This lyric has given me particular difficulty. Although Campana is not a hermetic poet, there are certainly times when he feels like that. The problem is compounded by erratic punctuation - sometimes completely absent where the sense seems to require it - throughout the collection. Canti Orfici was first published by a local printer in the small town of Marradi and the text is acknowledged to be seriously flawed. The history of Campana’s attempts to have his collection published is intricate, to say the least. He made the fatal mistake, for a writer, of consigning the only fair and accurate copy to a ‘friend’ and fellow-writer who carelessly ‘lost it’. After much anguished pleading, Campana then set about reconstructing the entire text from memory. The original (lost) text was called Il Più Lungo Giorno (The Longest Day). The new text was published as Orphic Songs. hence, this lyric is The Song of The Night, or as I prefer, since it begins at twilight, The Song Of the Gloaming.
The song of the gloaming
The gloaming softened by its own light:
Unquiet spirits sweeten darkness
For the heart that loves no more!
Springs springs we are required to hear,
Springs springs that know
Springs that know what spirits they are
What spirits they are, what spirits they are
What spirits are listening….
Listen: Twilight is softened by its own light
And for unquiet spirits dark is sweet:
Listen: Fate has beaten you:
But to light hearts another life stands at the door:
There is no sweetness equal to Death.
More more more
You mean the one who still cradles you:
You mean the sweetheart
Who whispers in your ear: More, more
And here stands the wind
And here dies: here the tide turns
And we can hear beating
The heart that loved us best!
Let us look: already the landscape
The trees, the water are of the night
The river goes its way silently
Boom! Mammy, that guy up there!
Il canto della tenebre
La luce del crepuscolo si attenua:
Inquieti spiriti sia dolce la tenebra
Al cuore che non ama più!
Sorgenti sorgenti abbiam da ascoltare,
Sorgenti sorgenti che sanno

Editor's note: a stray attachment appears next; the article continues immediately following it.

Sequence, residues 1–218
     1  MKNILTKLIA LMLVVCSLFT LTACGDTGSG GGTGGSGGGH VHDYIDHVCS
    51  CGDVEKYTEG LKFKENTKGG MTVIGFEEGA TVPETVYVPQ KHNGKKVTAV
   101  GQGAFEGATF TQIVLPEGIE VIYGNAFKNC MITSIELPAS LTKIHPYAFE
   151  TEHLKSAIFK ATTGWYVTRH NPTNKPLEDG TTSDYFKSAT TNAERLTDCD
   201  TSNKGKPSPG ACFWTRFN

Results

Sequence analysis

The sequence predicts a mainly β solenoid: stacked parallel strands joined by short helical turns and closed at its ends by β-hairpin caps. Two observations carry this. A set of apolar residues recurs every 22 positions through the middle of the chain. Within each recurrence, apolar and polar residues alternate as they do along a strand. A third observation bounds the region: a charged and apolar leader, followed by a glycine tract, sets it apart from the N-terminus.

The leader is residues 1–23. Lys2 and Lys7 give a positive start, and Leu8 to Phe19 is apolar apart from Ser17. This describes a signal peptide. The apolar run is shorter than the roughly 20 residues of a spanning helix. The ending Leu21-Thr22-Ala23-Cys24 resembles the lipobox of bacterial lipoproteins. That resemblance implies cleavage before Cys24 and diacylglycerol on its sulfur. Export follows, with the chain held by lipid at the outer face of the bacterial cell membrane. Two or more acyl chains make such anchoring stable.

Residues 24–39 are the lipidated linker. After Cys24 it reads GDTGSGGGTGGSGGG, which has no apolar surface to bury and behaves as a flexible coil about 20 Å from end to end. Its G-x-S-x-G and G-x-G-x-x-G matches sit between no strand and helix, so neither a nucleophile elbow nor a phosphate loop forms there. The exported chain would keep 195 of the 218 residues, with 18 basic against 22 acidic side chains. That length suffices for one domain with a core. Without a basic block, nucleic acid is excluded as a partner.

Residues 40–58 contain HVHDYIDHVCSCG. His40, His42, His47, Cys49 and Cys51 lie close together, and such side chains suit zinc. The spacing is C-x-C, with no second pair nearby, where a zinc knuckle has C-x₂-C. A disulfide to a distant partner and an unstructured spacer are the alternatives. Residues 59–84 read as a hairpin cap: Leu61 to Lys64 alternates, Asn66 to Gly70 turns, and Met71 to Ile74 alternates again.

Sorgenti che sanno che spiriti stanno
Che spiriti stanno che spiriti stanno
Che spiriti stanno a ascoltare….
Ascolta: la luce del crepuscolo attenua
Ed agli inquieti spiriti è dolce la tenebra:
Ascolta: ti ha vinto la Sorte:
Ma per i cuori leggeri un’ altra vita è alle porte:
Non c’è di dolcezza che posso uguagliare la Morte
Più più più
Intendi chi ancora ti culla:
Intendi la dolce fanciulla
Che dice all’orecchio: Più più
Ed ecco si leva e scompare
Il vento: ecco torna dal mare
Ed ecco sentiamo ansimare
Il cuore che ci amó di più!
Guardiamo: di già il paesaggio
Degli alberi e l’acque è notturno
Il fiume va via taciturno….
Púm! Mamma quell’ omo lassù!
And the little feet go musically
Carrying the battlemented hair
That arms like a wing the fierce eyes
In their languor on a good day
And Easter hits the road
Ed I piedini andavano armoniosi
Portando I cappelloni battaglieri
Che armavano di un’ ala gli occhi fieri
Del lor languore solo nel bel giorno
Scampanava la Pasqua per la via…
This fragment, published in Canti Orfici alongside ‘Barche Amorrate’ seems to be part of a longer poem that was contained in the collection Il Più Lungo Giorno. Since this manuscript was eventually discovered in the effects of the fellow-writer and friend who had ‘lost’ it, we now know what the full poem was like. However I prefer the mysterious fragment. The full text of Campana’s unpublished work can be found here. The following is the text of the full poem.
Scampanava la Pasqua per la via
Calzaioli, le donne erano liete
Quel giorno ed innocenti le fanciulle
Di sotto ai cappelloni ultima moda,
E ingiovanito mi sembrava il duomo...
Ed i piedini andavano armoniosi
Portando i cappelloni battaglieri
Che armavano di un''ala gli occhi fieri
Del lor languore solo, nel bel giorno.
Il cannone tuonò ma non riscosse
Le signorine che andavano a messa
E continuava il calmo cicaleggio.
Una colomba si librava molle.
A Genovese woman
Long ago you brought me a little seaweed
In your hair, and the scent of the sea wind,
That has come from far away and is seriously
Hot, it was on your bronze body:
Oh the divine simplicity
Of your slender form –
Not love, not pain, a phantom,
A shadow of necessity so pale
Serene and irresistible to the soul
And there dissolves in joy, in serene enchantment
Because for an infinity
If she can wear the sirocco,
How little the world is and light in your hands.
Una donna Genovese
Tu mi portasti un po'' d''alga marina
Nei tuoi capelli, ed un odor di vento,
Che è corso di lontano e giunge grave
D''ardore, era nel tuo corpo bronzino:
– Oh la divina
Semplicità delle tue forme snelle –
Non amore non spasimo, un fantasma,
Un''ombra della necessità che vaga
Serena e ineluttabile per l''anima
E la discioglie in gioia, in incanto serena
Perché per l''infinito lo scirocco
Se la possa portare.
Come è piccolo il mondo e leggero nelle tue mani!
More to follow....
The translations are Creative Commons